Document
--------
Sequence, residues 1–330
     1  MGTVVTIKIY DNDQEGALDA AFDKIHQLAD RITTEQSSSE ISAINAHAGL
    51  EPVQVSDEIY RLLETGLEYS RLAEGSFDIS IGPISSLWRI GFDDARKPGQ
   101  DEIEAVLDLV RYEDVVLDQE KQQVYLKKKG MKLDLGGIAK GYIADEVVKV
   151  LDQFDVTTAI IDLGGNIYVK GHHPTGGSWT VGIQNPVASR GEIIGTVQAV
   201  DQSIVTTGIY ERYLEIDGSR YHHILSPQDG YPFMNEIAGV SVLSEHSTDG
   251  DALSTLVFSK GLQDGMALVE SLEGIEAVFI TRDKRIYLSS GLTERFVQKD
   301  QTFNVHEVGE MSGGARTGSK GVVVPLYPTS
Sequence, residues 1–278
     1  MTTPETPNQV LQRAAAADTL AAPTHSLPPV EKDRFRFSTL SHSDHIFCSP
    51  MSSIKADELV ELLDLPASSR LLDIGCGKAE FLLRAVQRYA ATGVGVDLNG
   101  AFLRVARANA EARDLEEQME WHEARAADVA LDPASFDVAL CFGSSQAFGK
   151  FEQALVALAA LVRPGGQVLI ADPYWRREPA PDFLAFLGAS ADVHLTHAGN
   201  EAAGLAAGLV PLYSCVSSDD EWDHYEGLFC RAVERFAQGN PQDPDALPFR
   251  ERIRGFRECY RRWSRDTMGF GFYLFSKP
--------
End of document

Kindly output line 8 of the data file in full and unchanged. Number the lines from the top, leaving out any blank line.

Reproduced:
   301  QTFNVHEVGE MSGGARTGSK GVVVPLYPTS